Published online 7 October 2009 | Nature | doi:10.1038/news.2009.978

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Global warming may worsen locust swarms

Ancient records link a hotter climate to more damaging infestations.

Locust swarmWarmer weather in China has been linked to worse locust outbreaks.Kazuyoshi Nomachi / Science Photo Library

Analysis of Chinese historical records stretching back for over a thousand years show that locust outbreaks are more likely to occur in warmer and drier weather, especially in the country's northern provinces, researchers say.

"The results are an alarm bell for yet another serious consequence of climate change," says Ge Quansheng, deputy director of the Beijing-based Institute of Geographical Sciences and Natural Resources Research, Chinese Academy of Sciences, who was not involved with the study.

The findings, by climate researcher Yu Ge and her colleagues at the Nanjing Institute of Geography and Limnology, part of the Chinese Academy of Sciences in Jiangsu province, are published in the Journal of Geophysical Research1.

In population ecology, researchers have been debating what controls the size of species populations over long time periods. Some think that climate has a dominant role, whereas others hold that internal biological mechanisms, such as competition and predation, are more important.

To determine which model is correct, long-term data on changes in species populations are crucial. This has led researchers to turn to historical records of locust outbreaks. Such swarms can ravish crops, causing famine and consequent social unrest, so for more than 2,000 years, officials in China have recorded details of the outbreaks — such as their frequency and severity, the affected areas and the number of people who died of famine following infestations — with the aim of predicting and controlling them.

Locust focus

Around 50 years ago, Ma Shijun, a entomologist who worked at Peking University in Beijing, used these records to rank the severity of locust outbreaks — mainly in eastern China where agriculture is concentrated — over the past 1,000 years on a scale of one to ten2.

Ma's data were used by Yu and co-authors in the latest study, but their findings contradict an earlier study3 by University of Oslo ecologist Nils Stenseth and his colleagues. That work was based on the same data but showed that locust infestations are more likely to follow periods of cooler and wetter weather (see 'Cooler weather favours Chinese locusts'). So why did the groups come to drastically different conclusions?

"The results from Stenseth's group were rather curious," says Yu. They contradict several earlier studies, including Ma's, on the correlation between climate and locust outbreaks, and could not be explained by the biology of locust development, she adds.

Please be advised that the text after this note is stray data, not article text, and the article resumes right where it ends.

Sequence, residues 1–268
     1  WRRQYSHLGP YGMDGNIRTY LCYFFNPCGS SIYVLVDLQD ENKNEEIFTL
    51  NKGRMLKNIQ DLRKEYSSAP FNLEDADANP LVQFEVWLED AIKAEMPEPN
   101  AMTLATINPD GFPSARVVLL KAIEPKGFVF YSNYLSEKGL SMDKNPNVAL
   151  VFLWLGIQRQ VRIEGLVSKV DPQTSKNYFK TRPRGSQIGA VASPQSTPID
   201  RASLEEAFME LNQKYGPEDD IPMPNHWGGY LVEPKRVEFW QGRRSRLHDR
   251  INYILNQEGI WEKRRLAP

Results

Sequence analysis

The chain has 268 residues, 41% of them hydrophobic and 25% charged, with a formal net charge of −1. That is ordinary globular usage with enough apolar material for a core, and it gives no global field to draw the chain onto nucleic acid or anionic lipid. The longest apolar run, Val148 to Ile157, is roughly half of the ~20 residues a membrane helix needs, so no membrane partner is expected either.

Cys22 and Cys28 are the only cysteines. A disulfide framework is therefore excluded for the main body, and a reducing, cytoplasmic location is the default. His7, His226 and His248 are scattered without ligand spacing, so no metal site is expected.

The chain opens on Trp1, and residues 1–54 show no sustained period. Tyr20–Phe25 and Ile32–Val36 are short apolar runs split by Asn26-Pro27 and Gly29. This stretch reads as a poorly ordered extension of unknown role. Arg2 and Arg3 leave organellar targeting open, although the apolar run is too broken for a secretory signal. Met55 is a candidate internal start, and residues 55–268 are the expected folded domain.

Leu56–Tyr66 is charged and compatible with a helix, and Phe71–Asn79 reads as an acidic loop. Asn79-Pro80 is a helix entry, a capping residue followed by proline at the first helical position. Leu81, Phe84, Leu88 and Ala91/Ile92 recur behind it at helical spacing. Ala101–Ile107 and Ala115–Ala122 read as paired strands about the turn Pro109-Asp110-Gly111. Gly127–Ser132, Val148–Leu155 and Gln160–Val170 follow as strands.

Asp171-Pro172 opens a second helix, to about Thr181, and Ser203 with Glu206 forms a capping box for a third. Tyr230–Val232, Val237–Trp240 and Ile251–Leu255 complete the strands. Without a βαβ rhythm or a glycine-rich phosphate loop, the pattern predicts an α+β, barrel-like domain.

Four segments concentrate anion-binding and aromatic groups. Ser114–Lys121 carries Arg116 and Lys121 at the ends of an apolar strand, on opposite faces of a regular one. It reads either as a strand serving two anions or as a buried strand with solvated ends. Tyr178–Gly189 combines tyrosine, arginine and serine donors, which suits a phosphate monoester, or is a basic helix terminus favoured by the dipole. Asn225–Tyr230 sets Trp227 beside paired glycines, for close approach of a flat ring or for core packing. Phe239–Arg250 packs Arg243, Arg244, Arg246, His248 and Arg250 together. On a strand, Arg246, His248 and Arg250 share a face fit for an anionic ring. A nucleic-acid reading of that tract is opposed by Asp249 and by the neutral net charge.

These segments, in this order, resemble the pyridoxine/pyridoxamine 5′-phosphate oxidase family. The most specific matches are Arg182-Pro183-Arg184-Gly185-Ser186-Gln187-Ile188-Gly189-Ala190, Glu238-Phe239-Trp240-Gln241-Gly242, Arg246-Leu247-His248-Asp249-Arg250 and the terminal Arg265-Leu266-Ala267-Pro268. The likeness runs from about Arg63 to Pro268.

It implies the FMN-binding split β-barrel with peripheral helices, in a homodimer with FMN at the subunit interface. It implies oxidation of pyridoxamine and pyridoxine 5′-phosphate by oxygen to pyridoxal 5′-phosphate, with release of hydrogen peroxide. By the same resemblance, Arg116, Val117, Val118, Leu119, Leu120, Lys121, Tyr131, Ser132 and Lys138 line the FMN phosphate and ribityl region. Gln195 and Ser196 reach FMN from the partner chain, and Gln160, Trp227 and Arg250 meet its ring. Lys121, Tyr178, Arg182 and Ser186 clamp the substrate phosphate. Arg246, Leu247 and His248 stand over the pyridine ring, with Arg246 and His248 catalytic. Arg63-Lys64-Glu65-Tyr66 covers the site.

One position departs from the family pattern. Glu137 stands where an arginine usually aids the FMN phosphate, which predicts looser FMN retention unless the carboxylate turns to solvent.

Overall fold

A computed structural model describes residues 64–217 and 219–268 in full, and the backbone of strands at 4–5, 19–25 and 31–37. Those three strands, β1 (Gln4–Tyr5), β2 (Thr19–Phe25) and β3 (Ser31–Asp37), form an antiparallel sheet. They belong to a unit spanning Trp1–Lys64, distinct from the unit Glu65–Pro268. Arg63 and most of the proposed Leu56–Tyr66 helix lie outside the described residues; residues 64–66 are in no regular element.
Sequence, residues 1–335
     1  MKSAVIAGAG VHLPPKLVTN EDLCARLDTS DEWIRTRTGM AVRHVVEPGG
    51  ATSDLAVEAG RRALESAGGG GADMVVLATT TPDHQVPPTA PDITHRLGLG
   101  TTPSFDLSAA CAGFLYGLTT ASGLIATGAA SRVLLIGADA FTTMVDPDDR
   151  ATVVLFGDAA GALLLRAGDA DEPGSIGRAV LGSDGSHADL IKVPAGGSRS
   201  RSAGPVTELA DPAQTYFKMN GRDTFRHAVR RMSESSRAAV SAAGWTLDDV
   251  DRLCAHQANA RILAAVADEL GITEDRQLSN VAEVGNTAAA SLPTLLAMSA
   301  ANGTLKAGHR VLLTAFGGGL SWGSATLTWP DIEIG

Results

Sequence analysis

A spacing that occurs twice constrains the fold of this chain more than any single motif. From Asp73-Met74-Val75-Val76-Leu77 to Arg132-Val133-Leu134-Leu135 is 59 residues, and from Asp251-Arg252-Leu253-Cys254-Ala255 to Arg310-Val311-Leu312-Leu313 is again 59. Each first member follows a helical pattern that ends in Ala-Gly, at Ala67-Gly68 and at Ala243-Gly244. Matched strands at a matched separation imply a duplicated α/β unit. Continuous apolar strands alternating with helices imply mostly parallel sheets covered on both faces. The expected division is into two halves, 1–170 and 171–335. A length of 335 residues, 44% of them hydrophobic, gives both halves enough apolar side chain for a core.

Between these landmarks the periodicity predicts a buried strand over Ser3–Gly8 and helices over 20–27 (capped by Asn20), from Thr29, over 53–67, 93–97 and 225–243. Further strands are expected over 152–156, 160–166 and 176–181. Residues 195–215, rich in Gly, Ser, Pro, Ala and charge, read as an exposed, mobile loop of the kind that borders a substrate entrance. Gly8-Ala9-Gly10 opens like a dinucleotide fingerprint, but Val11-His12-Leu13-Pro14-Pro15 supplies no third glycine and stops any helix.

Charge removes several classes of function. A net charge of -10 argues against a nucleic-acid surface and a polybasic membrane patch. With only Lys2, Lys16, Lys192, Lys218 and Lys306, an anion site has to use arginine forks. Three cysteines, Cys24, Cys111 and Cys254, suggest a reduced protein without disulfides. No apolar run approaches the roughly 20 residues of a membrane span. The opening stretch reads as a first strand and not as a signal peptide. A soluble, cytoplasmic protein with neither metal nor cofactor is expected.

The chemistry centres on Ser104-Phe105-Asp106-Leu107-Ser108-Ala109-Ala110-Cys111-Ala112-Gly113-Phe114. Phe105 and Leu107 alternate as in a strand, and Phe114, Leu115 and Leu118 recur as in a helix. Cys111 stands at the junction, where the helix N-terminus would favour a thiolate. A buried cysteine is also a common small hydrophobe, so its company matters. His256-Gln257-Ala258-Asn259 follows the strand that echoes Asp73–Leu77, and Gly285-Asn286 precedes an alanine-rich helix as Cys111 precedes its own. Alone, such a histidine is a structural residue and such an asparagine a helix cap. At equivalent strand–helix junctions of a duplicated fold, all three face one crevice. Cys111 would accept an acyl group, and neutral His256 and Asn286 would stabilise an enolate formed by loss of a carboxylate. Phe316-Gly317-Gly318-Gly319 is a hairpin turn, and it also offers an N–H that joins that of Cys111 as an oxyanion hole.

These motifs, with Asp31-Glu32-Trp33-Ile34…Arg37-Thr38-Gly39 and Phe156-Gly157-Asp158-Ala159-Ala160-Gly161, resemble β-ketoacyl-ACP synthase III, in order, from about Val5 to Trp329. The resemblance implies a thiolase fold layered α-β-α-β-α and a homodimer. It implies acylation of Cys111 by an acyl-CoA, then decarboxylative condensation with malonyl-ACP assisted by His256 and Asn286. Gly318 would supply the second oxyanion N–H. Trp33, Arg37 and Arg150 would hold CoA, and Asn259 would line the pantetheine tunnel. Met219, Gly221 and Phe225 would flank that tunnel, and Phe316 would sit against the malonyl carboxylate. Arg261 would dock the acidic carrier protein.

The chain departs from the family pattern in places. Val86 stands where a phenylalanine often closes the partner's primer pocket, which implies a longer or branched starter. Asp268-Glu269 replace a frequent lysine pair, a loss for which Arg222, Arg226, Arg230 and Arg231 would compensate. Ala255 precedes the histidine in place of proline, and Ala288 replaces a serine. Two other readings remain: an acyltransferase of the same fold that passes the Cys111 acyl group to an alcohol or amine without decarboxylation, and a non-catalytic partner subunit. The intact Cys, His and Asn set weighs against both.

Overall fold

“The results are an alarm bell for yet another serious consequence of climate change.”

Ge Quansheng
Institute of Geographical Sciences and Natural Resources Research, CAS

Digging a bit deeper, Yu and her colleagues noted that Stenseth's team used decadal temperature proxies for the whole of China to correlate records of locust outbreaks in eastern China. "China is a vast country," says Yu. "There are large variations in climate and [locust] plague problems at all corners of its territory." So northern and southern parts of China have very different climates, which can have a different impact on insect infestations.

Furthermore, locust eggs that have survived over winter, develop into adults in and breed in spring resulting in huge numbers of adults that migrate and swarm in summer. Each stage of their development is controlled by different climatic factors, so using decadal mean temperatures and precipitation might not be appropriate for the analyses of locust outbreaks, Yu adds. "Only regional and seasonal analyses could resolve the issues," she says.

Warm for swarms

Yu and her colleagues therefore analysed the relationship between climate and locust outbreaks on three different time scales. They first correlated the monthly temperatures and precipitation — as recorded by regional weather stations in the past 100 years — with locust outbreaks in northern and southern China, respectively.

Next, they determined if decadal temperature and precipitation for summer and winter — derived from other studies — were associated with locust outbreaks in the two regions for both the past 300 years and the past 1,000 years.

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The results show that a warmer climate was more likely to cause locust outbreaks in both regions. The team discerned an association between drier summer months and more frequent and severe swarms in the north but not in the south. "This might be because southern China is wetter [than northern China] in the first place and doesn't get as dry in the summer," says Yu.

In addition, the frequency of locust outbreaks in both areas went through cycles that were linked to regional temperatures for about 60% of the time over the past 1,000 years.

"The new study points to the importance of delineating regional and seasonal variations in climate-association studies," Ge says.

Stenseth agrees that the contradictory conclusions of the two studies are "probably explainable through the different spatial scales of the temperature proxies used".

Yu's study is an important contribution to our understanding of climate impact on locust plagues, he adds, and will help to devise mitigation strategies in response to global warming. 

  • References

    1. Yu, G., Shen, H. & Liu, J. J. Geophys. Res. 114, D18104, doi:10.1029/2009JD011833 (2009).
    2. Ma, S. C. Acta Ent. Sinica 8, 1-40 (1958).
    3. Stige, L. C., Chan, K.-S., Zhang, Z., Frank, D. & Stenseth, N. C. Proc. Natl Acad. Sci. USA 104, 16188-16193 (2007). | Article
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